As a lawmaker, Senator Wessh has also expressed concern over the growing wave of violence coupled with the alarming rate of verbal attacks by both the ruling establishment and the opposition, River Gee County Senator, Conmany B. Wesseh, has raised alarm over what could lead to a ‘potential conflict’ if not averted.
Speaking recently during the launch of the Covid-19 Elections Monitoring and Violence Prevention Situation (CEMViP-SR), the River Gee County Senator, who is also a stalwart of the former ruling Unity Party (UP) and member of the Collaborating Political Parties (CPP), pointed out that the languages being used by both the ruling and opposition parties are scaring.
He stated that the apparent failure of the Coalition for Democratic Change (CDC)-led Government to prosecute perpetrators of violence is also exacerbating tension across the country, warning that if nothing tangible is done to bring stability, it could lead to further conflicts.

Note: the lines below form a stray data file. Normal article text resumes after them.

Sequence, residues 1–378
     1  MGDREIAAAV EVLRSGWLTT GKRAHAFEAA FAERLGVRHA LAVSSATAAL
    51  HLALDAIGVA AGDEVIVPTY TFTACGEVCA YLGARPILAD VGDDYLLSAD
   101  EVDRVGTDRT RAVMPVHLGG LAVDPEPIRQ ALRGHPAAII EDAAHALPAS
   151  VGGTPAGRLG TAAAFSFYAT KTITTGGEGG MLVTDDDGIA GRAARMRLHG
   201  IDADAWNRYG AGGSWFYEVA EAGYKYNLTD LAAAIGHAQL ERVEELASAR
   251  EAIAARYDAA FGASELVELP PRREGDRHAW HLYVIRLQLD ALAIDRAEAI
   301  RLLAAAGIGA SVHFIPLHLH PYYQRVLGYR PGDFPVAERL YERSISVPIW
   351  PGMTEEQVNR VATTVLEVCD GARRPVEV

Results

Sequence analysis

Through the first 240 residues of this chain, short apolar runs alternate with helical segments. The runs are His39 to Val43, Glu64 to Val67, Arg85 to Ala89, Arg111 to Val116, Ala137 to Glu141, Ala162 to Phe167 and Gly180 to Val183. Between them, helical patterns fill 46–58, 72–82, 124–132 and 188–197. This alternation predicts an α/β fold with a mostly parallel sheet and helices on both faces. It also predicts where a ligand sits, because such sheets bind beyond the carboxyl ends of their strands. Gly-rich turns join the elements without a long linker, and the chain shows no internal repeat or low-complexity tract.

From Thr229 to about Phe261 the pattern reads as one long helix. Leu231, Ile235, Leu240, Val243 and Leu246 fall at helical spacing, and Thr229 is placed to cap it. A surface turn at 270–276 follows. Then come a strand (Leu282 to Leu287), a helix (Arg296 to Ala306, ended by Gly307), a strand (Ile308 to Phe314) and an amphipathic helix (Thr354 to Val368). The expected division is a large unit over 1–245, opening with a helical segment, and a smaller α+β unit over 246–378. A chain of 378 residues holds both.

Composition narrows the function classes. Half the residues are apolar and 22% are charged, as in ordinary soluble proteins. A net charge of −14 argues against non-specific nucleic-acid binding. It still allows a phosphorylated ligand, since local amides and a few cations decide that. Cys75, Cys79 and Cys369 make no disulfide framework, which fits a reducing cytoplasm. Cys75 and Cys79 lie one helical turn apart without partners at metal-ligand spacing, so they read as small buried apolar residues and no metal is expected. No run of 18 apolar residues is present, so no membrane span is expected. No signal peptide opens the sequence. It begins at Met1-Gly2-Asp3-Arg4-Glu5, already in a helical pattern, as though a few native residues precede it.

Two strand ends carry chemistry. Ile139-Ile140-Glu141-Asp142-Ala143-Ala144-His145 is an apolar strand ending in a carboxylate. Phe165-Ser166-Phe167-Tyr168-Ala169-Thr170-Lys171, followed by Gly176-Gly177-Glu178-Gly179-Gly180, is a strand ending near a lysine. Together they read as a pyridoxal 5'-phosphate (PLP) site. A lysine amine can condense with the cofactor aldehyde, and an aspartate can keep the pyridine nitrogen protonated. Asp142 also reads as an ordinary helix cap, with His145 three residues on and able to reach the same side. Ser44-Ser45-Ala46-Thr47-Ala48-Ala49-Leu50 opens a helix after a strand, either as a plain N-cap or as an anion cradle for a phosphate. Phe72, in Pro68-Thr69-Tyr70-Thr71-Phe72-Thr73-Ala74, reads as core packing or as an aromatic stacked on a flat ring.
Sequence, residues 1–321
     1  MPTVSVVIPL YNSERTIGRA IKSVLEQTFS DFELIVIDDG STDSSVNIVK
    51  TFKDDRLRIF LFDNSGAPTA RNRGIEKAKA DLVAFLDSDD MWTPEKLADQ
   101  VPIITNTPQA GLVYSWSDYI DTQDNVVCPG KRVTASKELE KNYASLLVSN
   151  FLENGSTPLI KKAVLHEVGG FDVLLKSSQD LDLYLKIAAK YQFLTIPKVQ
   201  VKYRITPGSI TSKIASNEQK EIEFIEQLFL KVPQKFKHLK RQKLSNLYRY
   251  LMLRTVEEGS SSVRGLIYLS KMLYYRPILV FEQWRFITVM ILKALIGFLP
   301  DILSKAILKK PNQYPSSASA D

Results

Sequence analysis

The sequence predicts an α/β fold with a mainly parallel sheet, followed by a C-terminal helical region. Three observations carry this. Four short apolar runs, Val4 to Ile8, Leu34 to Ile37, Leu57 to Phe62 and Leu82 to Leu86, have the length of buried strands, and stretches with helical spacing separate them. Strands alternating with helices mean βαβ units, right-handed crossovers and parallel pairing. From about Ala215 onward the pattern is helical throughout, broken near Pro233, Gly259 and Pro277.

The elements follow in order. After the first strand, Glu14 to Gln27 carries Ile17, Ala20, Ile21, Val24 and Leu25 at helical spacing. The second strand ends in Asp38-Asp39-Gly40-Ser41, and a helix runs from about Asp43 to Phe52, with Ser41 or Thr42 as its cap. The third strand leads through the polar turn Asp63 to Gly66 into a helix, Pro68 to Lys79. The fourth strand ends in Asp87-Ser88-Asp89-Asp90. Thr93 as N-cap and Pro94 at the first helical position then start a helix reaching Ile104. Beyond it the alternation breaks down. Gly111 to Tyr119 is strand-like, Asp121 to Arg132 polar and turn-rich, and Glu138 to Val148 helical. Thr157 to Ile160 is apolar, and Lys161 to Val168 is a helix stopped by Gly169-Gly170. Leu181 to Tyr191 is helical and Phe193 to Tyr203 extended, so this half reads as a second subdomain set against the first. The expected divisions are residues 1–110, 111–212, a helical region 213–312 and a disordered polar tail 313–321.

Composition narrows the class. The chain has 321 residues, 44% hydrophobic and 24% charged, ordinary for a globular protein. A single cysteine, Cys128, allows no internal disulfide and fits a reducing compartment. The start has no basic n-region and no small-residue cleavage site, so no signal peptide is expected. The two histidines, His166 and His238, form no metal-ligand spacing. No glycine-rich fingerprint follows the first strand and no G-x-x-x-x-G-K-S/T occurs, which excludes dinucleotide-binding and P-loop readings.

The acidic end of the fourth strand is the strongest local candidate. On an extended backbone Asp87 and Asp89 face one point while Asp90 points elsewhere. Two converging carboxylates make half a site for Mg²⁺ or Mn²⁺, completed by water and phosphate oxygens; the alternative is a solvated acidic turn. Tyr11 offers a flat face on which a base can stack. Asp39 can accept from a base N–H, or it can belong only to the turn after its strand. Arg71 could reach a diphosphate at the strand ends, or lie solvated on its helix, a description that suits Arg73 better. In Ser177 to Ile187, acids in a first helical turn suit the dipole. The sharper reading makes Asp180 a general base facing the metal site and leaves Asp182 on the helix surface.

“The war drums are on. The languages that are used are scaring. The government must make sure to conclude at least one investigation and take action for deterrence,” he stated.
“No more Nigerians and Ghanaians are going to come and die for us. We need to reduce the risk of security by doing the minimum things we can do,” the River Gee County lawmaker further warned.
GNN Liberia profile of this week is happily married to Ambassador Medina A. Wesseh Esq, Secretary General of the regional organization Mano River Union, and blessed with a host of children.